Use this URL to cite or link to this record in EThOS: http://ethos.bl.uk/OrderDetails.do?uin=uk.bl.ethos.663322
Title: Analysis of HIV-1 and foraminiferal molecular evolution
Author: Wade, Christopher Mark
Awarding Body: University of Edinburgh
Current Institution: University of Edinburgh
Date of Award: 1997
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Abstract:
In section A, five papers are presented which examine the evolution of HIV-1 both within and between patients. The first paper presented examines the molecular epidemiology of HIV-1 within Scotland, Northern England, and Ireland (paper I), with attention focused on identifying risk group associated differences within the cohort. This work also provides important background information for the interpretation of molecular data from transmission clusters. The main focus of the work on HIV-1 evolution has been on the transmission of HIV-1, with particular emphasis placed on mother-child transmission. Four papers are presented which examine evolutionary aspects of HIV-1 transmission. The first of these (paper II) examines the viral variants transmitted from mother to child in four mother-child transmission pairs. The second (paper III) analyses similar data from five mother-child transmission pairs, focusing predominantly on viral evolution within the child over the first year of life. The final two papers investigating HIV-1 transmission examine viral variation within two transmission sets. Paper IV examines the vertical transmission of HIV-1 to two infected children born to the same mother at an approximately two year interval, while paper V examines the heterosexual transmission of HIV-1 from a male index to two female contacts and the subsequent vertical transmission of HIV-1 to their two children. The phylogenetic placement of these transmission sets within the Edinburgh cohort is also assessed. In section B, four papers are presented which examine aspects of foraminiferal evolution. The first paper (paper I) focuses on the problems inherent in the amplification of foraminiferal DNA due to the association of large numbers of symbionts, commensals and food particles with each foraminifer. The amplification of foraminiferal sequences for the small subunit ribosomal RNA gene is then described, and the phylogenetic placement of the foraminifera within eukaryote evolution examined (papers II and III). Finally, the phylogenetic relationships within the foraminifera are described (paper V).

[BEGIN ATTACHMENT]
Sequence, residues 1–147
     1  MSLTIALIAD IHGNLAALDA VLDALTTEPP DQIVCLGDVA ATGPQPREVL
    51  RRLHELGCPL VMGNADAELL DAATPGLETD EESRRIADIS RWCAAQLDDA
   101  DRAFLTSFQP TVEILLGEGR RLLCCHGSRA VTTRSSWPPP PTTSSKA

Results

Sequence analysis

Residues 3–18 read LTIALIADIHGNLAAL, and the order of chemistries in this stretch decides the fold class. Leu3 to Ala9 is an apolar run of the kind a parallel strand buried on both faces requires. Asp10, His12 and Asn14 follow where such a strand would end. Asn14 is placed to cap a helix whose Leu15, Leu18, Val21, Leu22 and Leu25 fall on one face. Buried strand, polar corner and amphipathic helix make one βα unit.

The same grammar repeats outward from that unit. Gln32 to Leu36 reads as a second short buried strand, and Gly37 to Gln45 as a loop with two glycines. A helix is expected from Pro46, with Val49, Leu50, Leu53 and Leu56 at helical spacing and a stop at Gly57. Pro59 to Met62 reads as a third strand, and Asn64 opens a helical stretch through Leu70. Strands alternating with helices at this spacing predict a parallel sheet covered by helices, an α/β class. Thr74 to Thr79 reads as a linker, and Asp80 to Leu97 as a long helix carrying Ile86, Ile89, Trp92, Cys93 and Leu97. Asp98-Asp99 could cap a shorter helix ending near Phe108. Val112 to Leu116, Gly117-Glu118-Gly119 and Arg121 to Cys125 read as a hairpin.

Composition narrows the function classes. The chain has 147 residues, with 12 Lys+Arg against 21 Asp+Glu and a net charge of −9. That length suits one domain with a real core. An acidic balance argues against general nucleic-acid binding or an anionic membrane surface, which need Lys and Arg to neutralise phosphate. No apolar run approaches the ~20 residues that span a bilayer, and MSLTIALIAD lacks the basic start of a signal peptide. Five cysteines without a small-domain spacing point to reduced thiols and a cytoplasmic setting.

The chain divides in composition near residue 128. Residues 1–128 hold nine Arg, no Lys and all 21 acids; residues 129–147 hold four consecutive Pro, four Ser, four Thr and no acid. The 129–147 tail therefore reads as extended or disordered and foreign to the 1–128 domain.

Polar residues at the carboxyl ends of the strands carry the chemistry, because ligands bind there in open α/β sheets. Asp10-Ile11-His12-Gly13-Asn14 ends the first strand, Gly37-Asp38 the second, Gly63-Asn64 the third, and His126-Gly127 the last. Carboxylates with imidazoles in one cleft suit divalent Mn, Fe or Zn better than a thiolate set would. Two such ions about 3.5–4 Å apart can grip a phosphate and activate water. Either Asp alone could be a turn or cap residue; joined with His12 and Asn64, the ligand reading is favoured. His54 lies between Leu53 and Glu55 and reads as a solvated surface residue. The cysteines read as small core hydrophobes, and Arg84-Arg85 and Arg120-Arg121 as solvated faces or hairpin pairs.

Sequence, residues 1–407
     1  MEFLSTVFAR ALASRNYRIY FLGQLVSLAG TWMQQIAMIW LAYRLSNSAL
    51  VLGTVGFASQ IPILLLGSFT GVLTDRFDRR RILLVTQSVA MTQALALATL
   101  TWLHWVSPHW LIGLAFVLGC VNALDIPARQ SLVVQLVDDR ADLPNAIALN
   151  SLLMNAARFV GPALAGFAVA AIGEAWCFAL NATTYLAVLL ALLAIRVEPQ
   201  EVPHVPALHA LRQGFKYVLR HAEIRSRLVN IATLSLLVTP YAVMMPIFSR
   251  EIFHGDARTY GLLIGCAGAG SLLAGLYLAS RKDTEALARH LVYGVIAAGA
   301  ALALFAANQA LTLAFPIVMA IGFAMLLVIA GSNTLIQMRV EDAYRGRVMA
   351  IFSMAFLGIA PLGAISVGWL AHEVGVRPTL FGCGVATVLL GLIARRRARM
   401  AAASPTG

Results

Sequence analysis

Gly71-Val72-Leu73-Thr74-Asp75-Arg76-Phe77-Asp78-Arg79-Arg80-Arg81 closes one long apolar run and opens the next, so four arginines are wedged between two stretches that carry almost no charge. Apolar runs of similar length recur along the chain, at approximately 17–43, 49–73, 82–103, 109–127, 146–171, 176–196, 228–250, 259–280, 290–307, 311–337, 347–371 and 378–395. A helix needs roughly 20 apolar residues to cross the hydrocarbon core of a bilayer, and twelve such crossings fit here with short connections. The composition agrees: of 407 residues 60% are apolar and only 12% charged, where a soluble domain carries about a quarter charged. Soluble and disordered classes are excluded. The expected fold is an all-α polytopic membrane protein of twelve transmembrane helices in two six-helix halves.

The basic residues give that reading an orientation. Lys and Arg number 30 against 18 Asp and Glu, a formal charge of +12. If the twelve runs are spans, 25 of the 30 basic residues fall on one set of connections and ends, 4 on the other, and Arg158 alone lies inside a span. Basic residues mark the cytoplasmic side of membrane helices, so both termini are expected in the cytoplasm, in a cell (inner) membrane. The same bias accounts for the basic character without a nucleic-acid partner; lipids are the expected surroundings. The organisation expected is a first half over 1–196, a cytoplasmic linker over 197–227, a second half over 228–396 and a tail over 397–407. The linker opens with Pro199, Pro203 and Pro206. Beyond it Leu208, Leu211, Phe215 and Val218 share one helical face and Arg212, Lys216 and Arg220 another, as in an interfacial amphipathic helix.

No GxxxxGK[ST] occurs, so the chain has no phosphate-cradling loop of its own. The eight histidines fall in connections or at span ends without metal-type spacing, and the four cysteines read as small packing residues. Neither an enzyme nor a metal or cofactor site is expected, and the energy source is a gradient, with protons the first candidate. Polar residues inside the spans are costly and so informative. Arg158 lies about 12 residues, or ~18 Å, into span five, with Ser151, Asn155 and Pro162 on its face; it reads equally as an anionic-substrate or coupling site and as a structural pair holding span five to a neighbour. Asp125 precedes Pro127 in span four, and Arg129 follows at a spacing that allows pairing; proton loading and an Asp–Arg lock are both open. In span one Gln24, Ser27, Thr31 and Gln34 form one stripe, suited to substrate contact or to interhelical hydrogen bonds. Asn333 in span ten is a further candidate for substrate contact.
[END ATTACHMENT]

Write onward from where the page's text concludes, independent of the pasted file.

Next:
Supervisor: Not available Sponsor: Not available
Qualification Name: Thesis (Ph.D.) Qualification Level: Doctoral
EThOS ID: uk.bl.ethos.663322  DOI: Not available
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